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Boaz Baptist Chronicles

Boaz Baptist Chronicles

TheTranslation before the Original

Posted on 25 August, 2012 at 22:50



It has become very fashionable these days by Originals Only advocates to pooh-pooh (or belittle) King James Only advocates, by saying the originals were here before any translation was produced.  In their thinking, a translation is just an imperfect copy of the original Hebrew and Geek.  They believe that anyone seeking to know what God said must first run to the originals in order to find out.  The initial problem with this kind of thinking is that no one has an original.  And, problem number two is, who would recognize one if they did?  Who would be old enough to authenticate it?

This article will prove, without a shadow of a doubt that there was at least some translation here BEFORE any “original” was ever thought of or written.

Let's understand before we get into this subject, prior to any writtings, the word of God was spoken…

“For the prophecy came not in old time by the will of man: but holy men of God spake as they were moved by the Holy Ghost.”   II Peter 1:21

“This is the word that the LORD hath spoken….”  Isaiah 16:13

“…[O]r the LORD hath spoken this word.”  Isaiah 24:3

“This is the word which the LORD hath spoken….”  Isaiah 37:22

“…[T]he word of the LORD hath come unto me, and I have spoken unto you, rising early and speaking; but ye have not hearkened.”  Jeremiah 25:3

“As for the word that thou hast spoken unto us in the name of the LORD, we will not hearken unto thee.”  Jeremiah 44:16

“Therefore say unto them, Thus saith the Lord GOD; There shall none of my words be prolonged any more, but the word which I have spoken shall be done, saith the Lord GOD.”  Ezekiel 12:28


“Hear this word that the LORD hath spoken against you….”   Amos 3:1

“And God said….”  Genesis 1:3, 6, 9, 11, 14, 20, 24, 26, 28, 29.  (God “said” it in Genesis, and Moses wrote it down twenty-five hundred years later.)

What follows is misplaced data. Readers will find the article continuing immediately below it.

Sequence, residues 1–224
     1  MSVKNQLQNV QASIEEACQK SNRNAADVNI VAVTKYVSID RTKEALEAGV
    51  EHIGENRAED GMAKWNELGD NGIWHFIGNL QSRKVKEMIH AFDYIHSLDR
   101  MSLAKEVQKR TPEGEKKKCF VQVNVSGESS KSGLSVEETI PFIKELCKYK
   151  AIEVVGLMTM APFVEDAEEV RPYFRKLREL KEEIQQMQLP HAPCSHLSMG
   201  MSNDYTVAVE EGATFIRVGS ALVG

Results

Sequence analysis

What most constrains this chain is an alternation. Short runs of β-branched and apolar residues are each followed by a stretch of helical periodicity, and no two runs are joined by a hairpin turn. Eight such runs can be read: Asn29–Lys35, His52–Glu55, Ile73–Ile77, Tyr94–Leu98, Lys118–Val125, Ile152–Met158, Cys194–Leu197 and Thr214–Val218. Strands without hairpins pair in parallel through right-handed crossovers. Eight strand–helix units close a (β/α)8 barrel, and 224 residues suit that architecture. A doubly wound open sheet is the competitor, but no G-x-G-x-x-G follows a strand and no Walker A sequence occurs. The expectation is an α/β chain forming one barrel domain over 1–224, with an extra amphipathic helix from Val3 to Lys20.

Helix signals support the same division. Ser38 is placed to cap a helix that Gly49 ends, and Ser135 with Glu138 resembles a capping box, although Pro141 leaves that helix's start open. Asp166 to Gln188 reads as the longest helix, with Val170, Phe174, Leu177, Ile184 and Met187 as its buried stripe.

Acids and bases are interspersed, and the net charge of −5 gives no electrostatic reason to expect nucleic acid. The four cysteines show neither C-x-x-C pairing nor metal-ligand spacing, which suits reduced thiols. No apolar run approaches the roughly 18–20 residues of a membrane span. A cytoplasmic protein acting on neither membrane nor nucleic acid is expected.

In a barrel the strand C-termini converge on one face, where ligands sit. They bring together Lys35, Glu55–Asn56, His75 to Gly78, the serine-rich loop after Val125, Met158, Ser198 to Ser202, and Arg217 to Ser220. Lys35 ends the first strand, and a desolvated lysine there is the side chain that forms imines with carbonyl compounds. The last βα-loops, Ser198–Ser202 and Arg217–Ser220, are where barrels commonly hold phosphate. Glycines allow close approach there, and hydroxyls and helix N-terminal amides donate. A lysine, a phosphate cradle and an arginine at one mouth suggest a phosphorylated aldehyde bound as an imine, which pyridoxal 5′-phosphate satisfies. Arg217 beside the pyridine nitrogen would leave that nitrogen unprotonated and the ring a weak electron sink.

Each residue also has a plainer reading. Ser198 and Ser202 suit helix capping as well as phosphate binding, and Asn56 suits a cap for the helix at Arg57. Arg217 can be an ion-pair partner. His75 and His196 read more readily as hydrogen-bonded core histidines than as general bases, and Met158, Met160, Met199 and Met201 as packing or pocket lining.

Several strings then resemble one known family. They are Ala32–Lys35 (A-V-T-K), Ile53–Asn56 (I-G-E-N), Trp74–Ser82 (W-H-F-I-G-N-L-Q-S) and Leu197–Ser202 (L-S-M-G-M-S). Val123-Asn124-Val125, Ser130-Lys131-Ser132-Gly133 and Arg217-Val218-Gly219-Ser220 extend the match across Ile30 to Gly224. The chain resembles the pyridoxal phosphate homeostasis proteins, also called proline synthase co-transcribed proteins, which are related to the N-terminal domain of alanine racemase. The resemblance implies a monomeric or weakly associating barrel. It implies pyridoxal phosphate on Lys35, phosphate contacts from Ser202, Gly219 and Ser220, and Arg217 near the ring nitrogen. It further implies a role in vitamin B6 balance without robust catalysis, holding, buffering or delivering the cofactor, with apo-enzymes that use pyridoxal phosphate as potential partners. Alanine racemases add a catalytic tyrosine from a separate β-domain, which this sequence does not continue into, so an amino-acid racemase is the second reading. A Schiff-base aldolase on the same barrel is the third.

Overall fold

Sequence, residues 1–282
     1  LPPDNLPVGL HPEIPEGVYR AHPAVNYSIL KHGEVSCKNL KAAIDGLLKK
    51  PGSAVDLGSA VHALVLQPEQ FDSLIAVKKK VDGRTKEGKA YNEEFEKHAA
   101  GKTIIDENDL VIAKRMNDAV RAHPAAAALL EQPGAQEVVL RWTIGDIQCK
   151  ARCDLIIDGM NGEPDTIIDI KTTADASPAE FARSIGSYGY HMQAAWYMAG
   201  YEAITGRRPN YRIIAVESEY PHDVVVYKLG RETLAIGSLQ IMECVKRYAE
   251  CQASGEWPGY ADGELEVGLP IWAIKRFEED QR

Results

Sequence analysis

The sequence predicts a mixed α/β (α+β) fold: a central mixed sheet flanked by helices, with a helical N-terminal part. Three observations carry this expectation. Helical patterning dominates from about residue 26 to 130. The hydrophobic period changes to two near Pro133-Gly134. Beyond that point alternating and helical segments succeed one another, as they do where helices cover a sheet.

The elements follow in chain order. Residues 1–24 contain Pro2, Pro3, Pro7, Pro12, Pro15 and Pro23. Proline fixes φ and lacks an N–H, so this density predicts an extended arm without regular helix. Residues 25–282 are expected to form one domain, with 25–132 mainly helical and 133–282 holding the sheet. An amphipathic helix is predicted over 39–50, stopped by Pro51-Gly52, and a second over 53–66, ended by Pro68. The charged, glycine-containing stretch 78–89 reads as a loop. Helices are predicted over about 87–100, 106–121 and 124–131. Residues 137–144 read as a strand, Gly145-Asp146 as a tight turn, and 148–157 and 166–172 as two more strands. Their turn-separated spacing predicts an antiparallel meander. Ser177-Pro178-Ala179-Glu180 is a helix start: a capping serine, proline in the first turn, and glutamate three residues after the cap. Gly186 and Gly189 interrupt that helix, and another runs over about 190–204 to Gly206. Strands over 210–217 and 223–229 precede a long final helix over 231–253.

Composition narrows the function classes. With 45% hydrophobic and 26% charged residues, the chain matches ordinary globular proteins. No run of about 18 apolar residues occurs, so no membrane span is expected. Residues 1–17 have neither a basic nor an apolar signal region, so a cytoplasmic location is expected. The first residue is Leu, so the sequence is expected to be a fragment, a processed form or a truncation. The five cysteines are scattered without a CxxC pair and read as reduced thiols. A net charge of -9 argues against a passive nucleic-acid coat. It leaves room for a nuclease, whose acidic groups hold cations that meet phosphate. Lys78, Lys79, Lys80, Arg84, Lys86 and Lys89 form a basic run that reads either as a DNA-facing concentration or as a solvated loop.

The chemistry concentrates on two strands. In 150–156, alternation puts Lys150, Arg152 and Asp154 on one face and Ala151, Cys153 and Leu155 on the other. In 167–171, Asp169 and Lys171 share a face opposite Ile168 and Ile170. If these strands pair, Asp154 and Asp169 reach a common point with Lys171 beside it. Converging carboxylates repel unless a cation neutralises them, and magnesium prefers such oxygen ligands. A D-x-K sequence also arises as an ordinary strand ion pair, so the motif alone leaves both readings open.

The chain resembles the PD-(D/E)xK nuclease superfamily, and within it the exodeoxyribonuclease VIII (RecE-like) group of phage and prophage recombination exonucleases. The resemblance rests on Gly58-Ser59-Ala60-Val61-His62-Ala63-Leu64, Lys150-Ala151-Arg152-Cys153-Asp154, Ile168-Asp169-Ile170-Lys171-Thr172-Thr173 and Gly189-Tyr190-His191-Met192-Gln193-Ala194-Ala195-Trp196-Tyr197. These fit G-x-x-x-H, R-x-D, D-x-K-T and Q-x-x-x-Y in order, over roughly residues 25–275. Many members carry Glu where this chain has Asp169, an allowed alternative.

God spoke his words to His prophets and somewhere along the line it was written down.  The inspired words after they were written down became canon or written scripture.

Now, it’s time to show you that there was a translation before anyone ever saw a written “original” scripture.

When Moses spoke to Pharaoh in the Egyptian language (don’t forget that Moses was raised by Pharaoh’s daughter), what language do you think they spoke in to each other?  Well, nowhere does it say that Moses and Pharaoh needed an interpreter like it says in Genesis 42:23.  The only conclusion we can come to is that they both spoke to each other in the Egyptian tongue.  Here is my first question.  What language was the Old Testament written in?   Was it Egyptian or Hebrew?   We know it was originally written in Hebrew.  (Romans 9:4-5)  If that is the case (and it is), someone then had to translate all the Egyptian words between Moses and Pharaoh (five chapters, Exodus 7-11) into Hebrew when it was originally penned.

While we are referring to Genesis 42:23, where Joseph talked to his Hebrew brethren through an Egyptian interpreter, we should acknowledge the fact that before their conversation was written down in the Hebrew Bible it first had to be translated from Egyptian into Hebrew.  In this case, the translation preceded the original.

Do you think that someone who heard Saint Peter preach a message in Hebrew, but understood him in their own language, first waited around for the New Testament to be written in Greek in order to spread the message they heard him say?  By the way, what language was that message in that they took back to their own land?  Was it Greek?  I thought that Peter was a Galilean Jew.  Didn’t he speak to them in Hebrew?  Didn’t everyone who was filled with the Holy Ghost on the day of Pentecost understand him in the tongue wherein they were born?  Aren’t those tongues listed in Acts two?  Wasn’t the message spread in different languages to different lands before the original was published?  Didn’t Peter originally preach that message in his native language, Hebrew?  It seems to me that someone did some translating before the originals were written, wouldn’t you say?

Last, in Acts twenty-one and Acts twenty-two, when Paul stood on the steps of the castle to speak to an angry mob in the Hebrew tongue, wasn’t it translated at least one time before it was recorded in original Greek to go to the ends of the world?  Wasn’t there a translation of those words BEFORE the original Greek was produced?

Pastor Bob

I’d like to offer credit to Brother Kyle Stephens, who helped to crystallize this subject for me in his new book, “The Certainty of the WORDS.”




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